Blood Serum Magnesium Values in Chronic Stable Asthmatic Patients: A Case - Control Study

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Tanaffos (2005) 4(13), 27-32

©2005 NRITLD, National Research Institute of Tuberculosis and Lung Disease, Iran

Blood Serum Magnesium Values in Chronic Stable

Asthmatic Patients: A Case - Control Study

Khosrow Agin 1, Hamid Reza Jabar Darjani 2

1Department of Pulmonary Medicine, Loghman Hakim Hospital, 2Department of Pulmonary Medicine, NRITLD, Shaheed Beheshti

University of Medical Science and Health Services, TEHRAN-IRAN.


Background: Bronchial asthma is characterized by airways inflammation and hyperreactivity of tracheobronchial tree.

Magnesium (Mg) deficiency leads to increased airways hyperreactivity. This study was performed on patients with chronic

stable asthma to determine their blood serum magnesium values and compare them with general healthy population to

assess whether there is a difference between them.

Materials and Methods: This was a prospective, case-control study which was performed on patients with chronic stable

asthma in Loghman Hakim Hospital. Forty-two consecutive volunteer patients with chronic stable asthma according to the

definite criteria and healthy sex and age-matched subjects were chosen. Secondary causes of hypomagnesemia were found

out by the questionnaire and were ruled out. Serum blood sample for measuring magnesium value was obtained. Normal

values were 1.8 mg/dl in males and 1.9 mg/dl in females.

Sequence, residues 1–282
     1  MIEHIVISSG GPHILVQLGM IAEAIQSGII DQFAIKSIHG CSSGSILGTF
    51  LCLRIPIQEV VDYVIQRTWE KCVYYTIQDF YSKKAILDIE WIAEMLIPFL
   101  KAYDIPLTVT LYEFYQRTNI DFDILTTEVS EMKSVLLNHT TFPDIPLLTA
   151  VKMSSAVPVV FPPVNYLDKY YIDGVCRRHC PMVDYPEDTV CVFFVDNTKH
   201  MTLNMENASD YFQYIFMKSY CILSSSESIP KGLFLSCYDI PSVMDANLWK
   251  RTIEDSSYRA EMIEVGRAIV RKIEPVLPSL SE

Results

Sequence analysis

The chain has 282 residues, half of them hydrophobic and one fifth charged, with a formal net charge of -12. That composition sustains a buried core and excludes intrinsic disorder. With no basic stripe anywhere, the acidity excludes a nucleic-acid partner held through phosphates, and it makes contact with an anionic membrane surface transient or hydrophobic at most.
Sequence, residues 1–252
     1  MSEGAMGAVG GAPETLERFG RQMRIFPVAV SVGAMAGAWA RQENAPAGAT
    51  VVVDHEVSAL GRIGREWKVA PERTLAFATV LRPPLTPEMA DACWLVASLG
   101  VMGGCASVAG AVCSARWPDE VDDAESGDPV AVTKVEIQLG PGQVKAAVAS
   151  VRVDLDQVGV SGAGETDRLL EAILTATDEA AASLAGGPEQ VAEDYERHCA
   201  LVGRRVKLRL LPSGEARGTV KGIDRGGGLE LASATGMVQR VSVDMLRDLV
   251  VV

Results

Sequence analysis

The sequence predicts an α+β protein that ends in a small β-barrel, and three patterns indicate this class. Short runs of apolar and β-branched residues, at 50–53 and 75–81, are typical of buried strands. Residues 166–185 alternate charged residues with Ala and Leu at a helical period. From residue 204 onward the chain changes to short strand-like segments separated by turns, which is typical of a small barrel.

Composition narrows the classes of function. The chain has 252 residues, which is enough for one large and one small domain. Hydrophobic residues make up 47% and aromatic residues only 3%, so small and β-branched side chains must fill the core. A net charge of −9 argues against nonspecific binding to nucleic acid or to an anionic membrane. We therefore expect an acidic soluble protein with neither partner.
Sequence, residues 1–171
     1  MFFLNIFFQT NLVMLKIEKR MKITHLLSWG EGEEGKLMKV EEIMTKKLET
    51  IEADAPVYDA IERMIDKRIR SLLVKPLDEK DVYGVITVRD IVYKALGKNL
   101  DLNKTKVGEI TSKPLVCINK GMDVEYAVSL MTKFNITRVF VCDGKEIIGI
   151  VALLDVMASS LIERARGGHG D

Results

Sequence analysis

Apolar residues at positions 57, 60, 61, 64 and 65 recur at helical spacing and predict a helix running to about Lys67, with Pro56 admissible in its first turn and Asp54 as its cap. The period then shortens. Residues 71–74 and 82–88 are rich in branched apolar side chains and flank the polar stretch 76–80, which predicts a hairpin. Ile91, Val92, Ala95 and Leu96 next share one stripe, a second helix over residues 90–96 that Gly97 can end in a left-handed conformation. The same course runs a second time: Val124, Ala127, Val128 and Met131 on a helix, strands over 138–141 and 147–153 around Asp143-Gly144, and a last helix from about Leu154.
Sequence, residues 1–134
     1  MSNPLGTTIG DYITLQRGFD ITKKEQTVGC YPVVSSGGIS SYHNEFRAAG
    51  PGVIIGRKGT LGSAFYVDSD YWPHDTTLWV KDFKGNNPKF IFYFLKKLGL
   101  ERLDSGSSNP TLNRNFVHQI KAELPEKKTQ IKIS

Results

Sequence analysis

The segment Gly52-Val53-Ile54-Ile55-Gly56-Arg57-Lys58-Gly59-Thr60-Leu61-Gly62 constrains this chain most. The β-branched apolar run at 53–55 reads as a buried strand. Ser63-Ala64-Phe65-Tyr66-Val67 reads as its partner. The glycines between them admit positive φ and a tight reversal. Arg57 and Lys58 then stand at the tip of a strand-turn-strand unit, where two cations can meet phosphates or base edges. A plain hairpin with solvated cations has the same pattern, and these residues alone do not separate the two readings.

Results: In the final exam, significant difference between two groups was noted (P<0.001). Hypomagnesemia was detected

in 40.5% of the chronic stable asthmatic patients. Overall mean age was 40.16±12.8 yrs. and the mean Mg value was

1.85±0.28. Male to female ratio was 23/19.

Conclusion: Hypomagnesemia was confirmed in chronic stable asthma in Iranian patients. It may be due to the quality and

quantity of using therapeutic agents and type of diets which are low in magnesium supply. However, further evaluation is

needed. (Tanaffos 2005; 4(13): 27- 32)

Key Words: chronic asthma, Hypomgnesemia, Magnesium


Bronchial asthma is characterized by airways inflammation and hyperreactivity of tracheobronchial tree. Magnesium (Mg) deficiency leads to increased airways hyperreactivity (1, 2, 3, 4). Medications used

Correspondence to: Agin Kh

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in the treatment of asthma cause decreased magnesium value in total body stores (4), especially in acute asthma management (5) . Diet is important in Mg homeostasis and effective in bronchial hyperresponsiveness (6, 7, 8).


(9). Recently, its role in asthma and effect on respiratory airways has been recognized. It is a relaxing factor of airway smooth muscles (9,10), regulates bronchial tone, competes with Ca influx by blocking voltage dependent calcium channels, inhibits intracellular Ca release from sarcoplasmic reticulum (9,10), and is associated with airways hypersensivity (11), stabilization of mast cells (12), and manifestation of wheeze and impairment of lung function (7). Also, it has some influence (at least in part) inhibits cholinergic transmission, stimulates synthesis of nitric oxide and prostacyclin (9). MgSO4 improves lung function and causes bronchodilatation (9,11).

However, despite the considerable studies conducted magnesium deficiency in acute asthma, little is known about the prevalence and serum magnesium level in chronic stable asthma particularly in comparison with general population. There was no study in this regard in Iran and only one report had shown significant difference in serum Mg values of asthmatic patients and general population (13). However, other studies on acute and chronic asthma have revealed no significant difference between Mg levels of asthmatic and non-asthmatic control groups (14).

Previous studies suggested a 40% magnesium deficiency in total body stores of asthmatic patients (15).

The purpose of this study was to compare serum magnesium values in chronic asthmatic patients and healthy subjects, and assessing the difference between them.